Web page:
Working on the Borderline Between Law and Mental Health

Working on the Borderline Between Law and Mental Health
By Eric Goldwaser
Especial para Futuros Abogados Latinoamericanos. Derechos reservados (Ley 11.723)

“An expert witness should distinguish between what he knows as an expert and what he may believe as a layman. His role is to contribute the insight of a specialty. He is not an advocate; that is the role of counsel, nor is he the ultimate trier of fact. That is the role of the jury, judge, or specialty review board. Indeed, the trier of fact may be misled if the expert goes beyond what he can contribute as an expert…”

Judges have grown tired of “hired guns,” whose opinions are based on weak standards and whose reports state the obvious. A forensic expert should be able to limit the testimony to both, disputed aspects of the case, and the particular area of expertise he possesses. Judges report their being attentive to the expert’s presentation of facts and brief explanations of key issues because they favor an educational approach.

When attorneys[1], judges, and jurors need to understand the past or present mental state of an individual, as well as projecting that mental functioning into the future, -depending on the case and the particular aspect that needs to be decided-, a forensic mental health professional (MHP) is called upon to describe such state of mind. The forensic MHP also is hired to provide the opinion that helps the law continue in the search for a fair legal decision of a dispute.

Despite popular thought, the history of forensic[2] mental health is rich and extensive. It is packed with legal cases in which human behavior and the mental state that fueled it became under legal scrutiny. Cases discussed and settled by the United Stated Supreme Court and other highest State courts came to be known as ‘Landmark’, setting the standard on how to consider the psychological perspective in the court of law.

Law became used to recognize the fact that not all human behavior is the product of ‘free will.’ A knowledgeable MHP is now called to shed light on the behavioral outcome of abnormal mental processes. He/she presents such findings in the form of opinions based on the application of scientific knowledge contained in a forensic psychiatric examination[3]. The IME[4] also comprises the evaluation[5] of the data collected during the examination.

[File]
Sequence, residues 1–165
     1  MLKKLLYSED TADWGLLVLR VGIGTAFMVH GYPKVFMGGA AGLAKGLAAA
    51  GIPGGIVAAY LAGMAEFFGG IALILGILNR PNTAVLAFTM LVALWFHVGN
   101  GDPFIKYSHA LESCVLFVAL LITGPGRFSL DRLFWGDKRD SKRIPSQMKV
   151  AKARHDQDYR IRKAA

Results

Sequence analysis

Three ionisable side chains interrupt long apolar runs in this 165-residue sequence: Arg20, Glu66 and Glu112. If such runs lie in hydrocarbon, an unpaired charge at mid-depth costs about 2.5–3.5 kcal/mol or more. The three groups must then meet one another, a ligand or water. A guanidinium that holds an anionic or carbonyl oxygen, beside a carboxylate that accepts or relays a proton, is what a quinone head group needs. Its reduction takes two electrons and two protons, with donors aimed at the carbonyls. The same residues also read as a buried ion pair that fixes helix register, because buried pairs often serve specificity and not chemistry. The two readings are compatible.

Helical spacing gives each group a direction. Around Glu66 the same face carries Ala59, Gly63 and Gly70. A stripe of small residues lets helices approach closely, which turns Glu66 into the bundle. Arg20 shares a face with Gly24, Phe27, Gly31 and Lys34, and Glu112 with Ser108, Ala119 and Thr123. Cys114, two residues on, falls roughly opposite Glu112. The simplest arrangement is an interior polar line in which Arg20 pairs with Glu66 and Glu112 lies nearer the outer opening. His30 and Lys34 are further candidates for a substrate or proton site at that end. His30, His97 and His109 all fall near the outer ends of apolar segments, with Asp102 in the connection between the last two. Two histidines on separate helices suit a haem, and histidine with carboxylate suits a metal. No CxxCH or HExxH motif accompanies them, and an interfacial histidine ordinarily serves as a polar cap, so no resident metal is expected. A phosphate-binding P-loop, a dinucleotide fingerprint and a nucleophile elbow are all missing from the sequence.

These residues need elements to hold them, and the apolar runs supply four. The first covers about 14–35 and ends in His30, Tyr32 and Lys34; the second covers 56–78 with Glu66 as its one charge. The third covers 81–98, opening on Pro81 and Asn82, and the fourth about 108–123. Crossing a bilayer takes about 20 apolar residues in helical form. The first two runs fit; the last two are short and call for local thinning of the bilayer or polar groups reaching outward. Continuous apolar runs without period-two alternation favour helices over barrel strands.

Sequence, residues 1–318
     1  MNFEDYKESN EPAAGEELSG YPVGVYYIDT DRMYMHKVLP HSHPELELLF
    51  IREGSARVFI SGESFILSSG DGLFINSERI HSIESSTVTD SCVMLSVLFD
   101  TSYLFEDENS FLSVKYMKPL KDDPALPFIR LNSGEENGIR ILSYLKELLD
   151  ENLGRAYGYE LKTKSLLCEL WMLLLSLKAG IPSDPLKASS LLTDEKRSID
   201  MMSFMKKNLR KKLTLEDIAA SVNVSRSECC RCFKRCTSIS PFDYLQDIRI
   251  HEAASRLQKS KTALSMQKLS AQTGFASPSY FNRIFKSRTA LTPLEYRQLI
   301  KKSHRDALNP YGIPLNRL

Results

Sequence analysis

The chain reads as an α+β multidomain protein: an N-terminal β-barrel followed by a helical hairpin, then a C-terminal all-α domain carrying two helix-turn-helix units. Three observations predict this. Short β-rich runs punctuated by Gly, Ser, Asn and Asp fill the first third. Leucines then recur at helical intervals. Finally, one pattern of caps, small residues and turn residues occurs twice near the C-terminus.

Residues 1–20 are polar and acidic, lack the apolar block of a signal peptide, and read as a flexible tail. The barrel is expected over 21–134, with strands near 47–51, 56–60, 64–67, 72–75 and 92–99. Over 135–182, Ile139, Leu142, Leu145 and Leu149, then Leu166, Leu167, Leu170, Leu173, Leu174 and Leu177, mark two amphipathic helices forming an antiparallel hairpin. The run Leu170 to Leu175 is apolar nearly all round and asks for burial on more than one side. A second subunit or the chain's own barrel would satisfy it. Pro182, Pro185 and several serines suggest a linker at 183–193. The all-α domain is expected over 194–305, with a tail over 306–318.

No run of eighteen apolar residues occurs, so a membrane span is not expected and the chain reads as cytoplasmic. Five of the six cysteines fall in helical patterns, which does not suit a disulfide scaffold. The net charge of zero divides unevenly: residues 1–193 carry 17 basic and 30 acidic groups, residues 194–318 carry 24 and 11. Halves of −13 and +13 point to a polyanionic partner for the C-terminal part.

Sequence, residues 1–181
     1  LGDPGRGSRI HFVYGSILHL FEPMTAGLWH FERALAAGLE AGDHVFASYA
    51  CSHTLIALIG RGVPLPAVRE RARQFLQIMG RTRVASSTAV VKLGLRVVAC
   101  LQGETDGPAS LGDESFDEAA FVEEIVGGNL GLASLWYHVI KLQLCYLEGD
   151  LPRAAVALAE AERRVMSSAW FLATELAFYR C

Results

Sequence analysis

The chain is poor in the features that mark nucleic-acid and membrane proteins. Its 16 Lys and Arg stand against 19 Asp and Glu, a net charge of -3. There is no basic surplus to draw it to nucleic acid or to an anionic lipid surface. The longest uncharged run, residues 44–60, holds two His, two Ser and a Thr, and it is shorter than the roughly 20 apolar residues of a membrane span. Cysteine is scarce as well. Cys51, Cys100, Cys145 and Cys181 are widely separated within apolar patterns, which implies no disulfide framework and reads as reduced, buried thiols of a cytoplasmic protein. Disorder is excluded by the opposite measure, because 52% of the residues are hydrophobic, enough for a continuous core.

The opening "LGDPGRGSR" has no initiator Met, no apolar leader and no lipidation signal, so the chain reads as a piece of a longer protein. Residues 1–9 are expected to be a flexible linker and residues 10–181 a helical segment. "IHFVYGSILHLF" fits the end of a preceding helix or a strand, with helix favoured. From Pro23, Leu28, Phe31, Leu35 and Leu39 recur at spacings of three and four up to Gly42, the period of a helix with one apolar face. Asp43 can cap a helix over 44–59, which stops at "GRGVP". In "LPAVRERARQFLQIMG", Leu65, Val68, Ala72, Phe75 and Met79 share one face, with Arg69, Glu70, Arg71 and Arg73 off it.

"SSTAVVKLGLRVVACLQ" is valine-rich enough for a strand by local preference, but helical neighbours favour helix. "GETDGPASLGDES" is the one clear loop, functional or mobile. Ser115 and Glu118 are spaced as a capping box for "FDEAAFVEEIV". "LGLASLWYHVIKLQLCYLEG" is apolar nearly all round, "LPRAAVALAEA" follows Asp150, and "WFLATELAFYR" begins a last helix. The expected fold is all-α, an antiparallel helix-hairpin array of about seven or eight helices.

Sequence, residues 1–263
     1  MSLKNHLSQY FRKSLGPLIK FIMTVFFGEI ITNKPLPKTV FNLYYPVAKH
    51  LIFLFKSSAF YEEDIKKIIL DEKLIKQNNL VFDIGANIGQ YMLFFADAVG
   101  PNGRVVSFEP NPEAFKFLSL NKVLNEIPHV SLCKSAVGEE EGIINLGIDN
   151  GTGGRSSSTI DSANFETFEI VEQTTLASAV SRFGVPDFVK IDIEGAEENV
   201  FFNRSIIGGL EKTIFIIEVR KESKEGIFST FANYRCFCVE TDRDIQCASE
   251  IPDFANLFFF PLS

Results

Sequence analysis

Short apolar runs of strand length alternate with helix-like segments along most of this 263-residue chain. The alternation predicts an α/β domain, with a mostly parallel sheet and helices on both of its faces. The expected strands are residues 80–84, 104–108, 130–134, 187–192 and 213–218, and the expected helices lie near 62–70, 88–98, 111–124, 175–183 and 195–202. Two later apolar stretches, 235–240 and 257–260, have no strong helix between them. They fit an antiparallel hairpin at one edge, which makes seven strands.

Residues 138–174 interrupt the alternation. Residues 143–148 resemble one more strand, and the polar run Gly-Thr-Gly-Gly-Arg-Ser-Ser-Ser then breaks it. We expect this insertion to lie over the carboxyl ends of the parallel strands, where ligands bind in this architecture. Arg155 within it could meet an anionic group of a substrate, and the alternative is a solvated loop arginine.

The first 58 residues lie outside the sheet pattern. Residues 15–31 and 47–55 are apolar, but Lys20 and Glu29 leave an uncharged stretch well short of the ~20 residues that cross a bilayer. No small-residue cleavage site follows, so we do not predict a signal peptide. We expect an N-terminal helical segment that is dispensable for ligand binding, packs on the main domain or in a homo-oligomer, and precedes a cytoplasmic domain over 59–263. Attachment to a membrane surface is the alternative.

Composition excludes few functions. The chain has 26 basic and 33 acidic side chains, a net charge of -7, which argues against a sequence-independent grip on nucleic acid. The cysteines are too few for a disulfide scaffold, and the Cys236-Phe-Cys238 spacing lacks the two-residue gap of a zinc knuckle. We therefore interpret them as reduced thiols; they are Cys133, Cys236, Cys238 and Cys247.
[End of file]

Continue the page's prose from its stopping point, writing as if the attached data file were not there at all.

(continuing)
The first recorded example of forensic testimony[6] in a criminal trial[7] took place at the trial of Earl Ferrers in 1760, in which Dr. John Monro, of Bethlem, England, testified[8] by teaching the court about ‘lunacy[9].’ Dr. Monro educated the jury by using the concept of ‘irresistible impulse,’ referring to the inability to curb one’s urges to act. Despite his explanations, Ferrers was found guilty by the House of Lords. This trial marked the beginning of experts[10] acting as educators in the courtroom (as an expert witness).

For this courtroom education to occur, a set of rules was created to give guidelines allowing the ‘teachings’ of a MHP to be accepted as evidence in the courtroom. This collection of rules was titled “The Federal Rules of Evidence[11].” Among them; Rule 701 describes how a treating clinician can testify only as ‘lay or fact witness.’ A lay witness (or ‘fact witness’) is a witness who testifies on the facts that he or she observed, while providing mental health care, without going beyond that description. He or she will report only on what transpired during the treatment situation, giving no expert opinion on the circumstances (legal implication) of the specific individual.